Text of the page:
rajt ma rajtx ... naf li rajt
Critical Essay by Elyse Tonna for Matthew Attard's exhibition: rajt ma rajtx ... naf li rajt (2021). VC03 is a book showcasing the 2021 exhibition programme of Valletta Contemporary with contributions by various authors/curators
KIN, who we are and where we belong (EN) / sura ta' nies (MT)
A book for SURA (2021). Stories and Poems by Clare Azzopardi. Contributions by Elyse Tonna, Glen Calleja and Lori Sauer. Translations by Albert Gatt. Photos by Giola Cassar. Proof-Reading by Claire Zerafa. Designed by Brendon Gauci
fuse (2021): collection of research and process-based articles related to the thematics and interventions by Elyse Tonna
A book for fuse (2021). Written by Elyse Tonna. Photos by Elisa von Brockdorff, Maria Galea, Rakel Vella and Elyse Tonna. Edited by Ann Dingli. Designed by Elyse Tonna and the Valletta Cultural Agency. Produced by the Valletta Cultural Agency
30@20: Looking Back Looking Forward (2021): Celebrating 30 Years The Mill Art, Culture and Crafts Centre
From the Archives: A reflection. and The Mill Today: A conversation February 2021
A book for 30@20 project by the Gabriel Caruana Foundation. Contributions by Raffaella Zammit, Dr Nikki Petroni, Elyse Tonna. Designed by Mighty Box Ltd.
what is 'ħaġarna'?
A book for ħaġarna (2019). Contributions by Elyse Tonna, Dr Irene Biolchini, Prof. Vicki Ann Cremona, Dr Sandro Debono, Dr Marko Stamenkovic and introductions by Hon. Dr Ian Borg, Hon. Dr Owen Bonnici, Hon. Dr Justyne Caruana, Hon. Dr Anton Refalo, Nicoline Sagona, Joe Cordina and Dr Christian Zammit. Designed by Elyse Tonna
shops, bakers and vendors
Ix-Xuwa by Text Catalogue (Andrew Darmanin and Ella Fleri Soler) and Andrea Zerafa
Bull Street, Valletta
installation (metal plates and rings)
Departing from the concept of the third place – which refers to spaces such as local bakeries, grocery stores, barber shops, and public places of interaction within the community – the artists for this theme wanted to investigate everyday objects that are used for typical transactions, like getting a haircut. In third places, backgrounds are forgotten, the focus shifts on the objective of the vendor or service being provided.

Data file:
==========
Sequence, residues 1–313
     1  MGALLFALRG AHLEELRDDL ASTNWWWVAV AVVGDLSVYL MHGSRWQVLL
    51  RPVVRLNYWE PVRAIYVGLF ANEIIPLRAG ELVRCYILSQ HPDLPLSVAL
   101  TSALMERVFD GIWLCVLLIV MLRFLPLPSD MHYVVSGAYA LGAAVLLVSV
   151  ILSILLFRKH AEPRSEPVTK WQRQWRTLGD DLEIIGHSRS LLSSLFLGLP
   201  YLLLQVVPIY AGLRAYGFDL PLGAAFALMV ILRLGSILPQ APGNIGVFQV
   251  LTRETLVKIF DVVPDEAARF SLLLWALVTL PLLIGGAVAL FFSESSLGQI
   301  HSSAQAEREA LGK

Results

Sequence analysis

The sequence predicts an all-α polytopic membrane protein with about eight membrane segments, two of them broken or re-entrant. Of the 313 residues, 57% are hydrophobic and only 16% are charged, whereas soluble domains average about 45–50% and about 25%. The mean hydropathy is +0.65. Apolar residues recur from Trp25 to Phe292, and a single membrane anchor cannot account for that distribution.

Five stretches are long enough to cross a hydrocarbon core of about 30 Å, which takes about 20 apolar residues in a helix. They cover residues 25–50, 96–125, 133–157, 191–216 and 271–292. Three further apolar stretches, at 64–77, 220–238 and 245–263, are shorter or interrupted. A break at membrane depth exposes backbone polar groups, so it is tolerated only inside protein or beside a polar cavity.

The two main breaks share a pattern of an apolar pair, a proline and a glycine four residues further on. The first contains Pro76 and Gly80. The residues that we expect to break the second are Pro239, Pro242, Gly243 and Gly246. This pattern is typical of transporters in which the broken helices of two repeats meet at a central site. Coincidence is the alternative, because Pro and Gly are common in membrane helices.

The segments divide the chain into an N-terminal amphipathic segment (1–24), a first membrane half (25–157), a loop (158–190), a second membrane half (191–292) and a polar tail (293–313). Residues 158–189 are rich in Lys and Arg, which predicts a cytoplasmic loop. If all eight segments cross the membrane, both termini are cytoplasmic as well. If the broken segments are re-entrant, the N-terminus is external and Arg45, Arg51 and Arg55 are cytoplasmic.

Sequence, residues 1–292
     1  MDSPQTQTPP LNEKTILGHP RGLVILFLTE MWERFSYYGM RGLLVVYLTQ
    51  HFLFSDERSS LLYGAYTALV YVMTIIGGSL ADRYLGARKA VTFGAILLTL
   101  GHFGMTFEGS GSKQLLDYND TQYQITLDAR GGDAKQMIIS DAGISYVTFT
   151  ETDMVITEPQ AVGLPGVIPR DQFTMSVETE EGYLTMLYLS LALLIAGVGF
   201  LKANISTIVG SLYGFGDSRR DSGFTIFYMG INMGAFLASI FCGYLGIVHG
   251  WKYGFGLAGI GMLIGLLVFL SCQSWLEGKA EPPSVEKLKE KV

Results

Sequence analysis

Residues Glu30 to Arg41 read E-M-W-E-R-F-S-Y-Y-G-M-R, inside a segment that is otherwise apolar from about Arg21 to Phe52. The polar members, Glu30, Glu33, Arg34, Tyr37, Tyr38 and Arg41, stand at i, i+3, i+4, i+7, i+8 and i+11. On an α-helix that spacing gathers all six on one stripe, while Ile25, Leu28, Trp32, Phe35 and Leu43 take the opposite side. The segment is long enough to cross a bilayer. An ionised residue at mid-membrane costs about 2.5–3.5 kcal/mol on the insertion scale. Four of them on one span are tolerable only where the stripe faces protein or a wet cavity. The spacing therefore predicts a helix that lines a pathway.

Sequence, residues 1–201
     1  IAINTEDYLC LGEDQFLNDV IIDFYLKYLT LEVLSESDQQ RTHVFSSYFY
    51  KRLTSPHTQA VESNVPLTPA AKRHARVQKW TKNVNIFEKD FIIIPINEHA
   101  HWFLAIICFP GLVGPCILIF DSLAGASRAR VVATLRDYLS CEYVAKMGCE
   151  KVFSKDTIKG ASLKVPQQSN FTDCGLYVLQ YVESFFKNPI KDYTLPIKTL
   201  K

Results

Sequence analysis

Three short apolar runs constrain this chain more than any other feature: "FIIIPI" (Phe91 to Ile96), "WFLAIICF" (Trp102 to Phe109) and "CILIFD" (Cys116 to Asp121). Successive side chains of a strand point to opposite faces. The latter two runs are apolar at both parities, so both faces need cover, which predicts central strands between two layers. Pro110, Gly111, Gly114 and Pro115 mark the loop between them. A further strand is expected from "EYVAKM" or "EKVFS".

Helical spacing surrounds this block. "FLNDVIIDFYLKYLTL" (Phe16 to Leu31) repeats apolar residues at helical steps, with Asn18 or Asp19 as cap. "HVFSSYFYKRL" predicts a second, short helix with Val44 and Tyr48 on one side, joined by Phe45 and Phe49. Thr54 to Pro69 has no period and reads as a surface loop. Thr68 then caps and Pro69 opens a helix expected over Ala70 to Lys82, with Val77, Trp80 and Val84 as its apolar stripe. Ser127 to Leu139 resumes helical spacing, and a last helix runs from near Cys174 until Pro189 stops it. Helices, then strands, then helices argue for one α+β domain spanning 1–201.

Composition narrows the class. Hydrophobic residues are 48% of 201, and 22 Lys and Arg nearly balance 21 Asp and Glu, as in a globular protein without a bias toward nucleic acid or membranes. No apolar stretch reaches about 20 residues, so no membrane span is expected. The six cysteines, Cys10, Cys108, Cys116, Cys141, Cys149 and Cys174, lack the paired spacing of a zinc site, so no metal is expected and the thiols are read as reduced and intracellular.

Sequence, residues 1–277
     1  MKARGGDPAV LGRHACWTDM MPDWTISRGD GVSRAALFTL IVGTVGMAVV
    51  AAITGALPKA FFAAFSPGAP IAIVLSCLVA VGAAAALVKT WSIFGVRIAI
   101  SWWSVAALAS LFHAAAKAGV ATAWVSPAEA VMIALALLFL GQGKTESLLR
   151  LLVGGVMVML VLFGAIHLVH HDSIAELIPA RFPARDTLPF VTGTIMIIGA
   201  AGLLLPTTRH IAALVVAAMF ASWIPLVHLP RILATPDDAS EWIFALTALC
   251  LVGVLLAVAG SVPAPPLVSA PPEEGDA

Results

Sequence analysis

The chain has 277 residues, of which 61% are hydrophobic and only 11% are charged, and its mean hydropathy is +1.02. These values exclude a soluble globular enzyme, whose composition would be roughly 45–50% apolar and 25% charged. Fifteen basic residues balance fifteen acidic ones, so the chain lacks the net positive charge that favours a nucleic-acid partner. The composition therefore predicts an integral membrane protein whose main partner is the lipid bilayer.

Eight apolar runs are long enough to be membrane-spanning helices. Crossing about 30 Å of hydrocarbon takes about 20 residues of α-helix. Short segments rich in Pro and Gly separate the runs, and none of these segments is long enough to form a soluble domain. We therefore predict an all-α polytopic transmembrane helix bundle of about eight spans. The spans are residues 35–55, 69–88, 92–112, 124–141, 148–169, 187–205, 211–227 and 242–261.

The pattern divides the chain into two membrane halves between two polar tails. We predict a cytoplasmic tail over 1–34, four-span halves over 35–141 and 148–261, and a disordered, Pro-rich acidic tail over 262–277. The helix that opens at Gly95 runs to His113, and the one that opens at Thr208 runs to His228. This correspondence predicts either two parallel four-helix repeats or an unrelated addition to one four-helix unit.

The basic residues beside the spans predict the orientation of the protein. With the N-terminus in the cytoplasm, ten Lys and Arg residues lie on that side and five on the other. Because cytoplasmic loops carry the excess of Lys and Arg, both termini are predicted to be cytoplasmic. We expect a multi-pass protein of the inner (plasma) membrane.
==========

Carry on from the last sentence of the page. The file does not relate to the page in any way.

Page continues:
At the start of the exercise, the artist collective remained open to the various businesses in the Biċċerija area, investigating the different streams of relationships that developed in relation to these trades and services. Increasingly, it became evident that the area had a strong history related to its surrounding bakeries. During the initial research phase of fuse, bakeries were identified beyond the Biċċerija building itself, and research was carried out to ascertain practices related to bread-making. Eventually, the artists tackling this theme became motivated to identify an object that could be replicated, whose inherent nature was not particularly inclined towards sales, but more towards exchange.
Ċombi. Cippep. Laned. Id-dixx ta’ nhar ta’ Ħadd.
Patata l-forn. It-turġien.
During one of the visits to Borg Bakery – the sole bakery left operating at Dui Balli (adjacent to the Biċċerija area) – its baker dug up the last-remaining ċombi he had kept from the days where he would cook Sunday roasts for members of the community. Coincidentally, the local blacksmith working next door to the baker had a clear memory of his father – also a blacksmith – spending years producing ċombi for the Biċċerija bakers. With the ċombi becoming that sought-after replicable object, the artists’ work developed into an intervention incorporating approximately 5000 ċombi, repeating the exact ċomba given to the team by the baker to be used as a prototype. The artists then spent significant amount of time experimenting, looking for ways to connect the individual parts (ċombi) to create a whole. Ultimately, this would result in a curtain-like installation composed of ċombi. As well as the shape and form of the ċombi themselves, the artists also replicated the numbers which were stamped on each individual plate, augmenting the notion of repetition through their making process.
The numbers represented unique families.
The numbers represented their home-cooked meals.
Altogether, the numbers represent a community.
Following a laborious stamping process, the team, volunteers and artists connected all the ċombi together. Initially, we had hoped for more community involvement, to enable members of the community to take part in creating work that represented an aspect of their identity. But due to the limitations imposed by the pandemic, we had to rethink the process. The curtain-like intervention was installed on one of the prominent corners of the Biċċerija building itself, fully integrating with the built fabric of the place as well as with the community that has spent time explaining the work to passers-by.
'Ix-Xuwa' has been divided in parts and distributed among local residents and team members.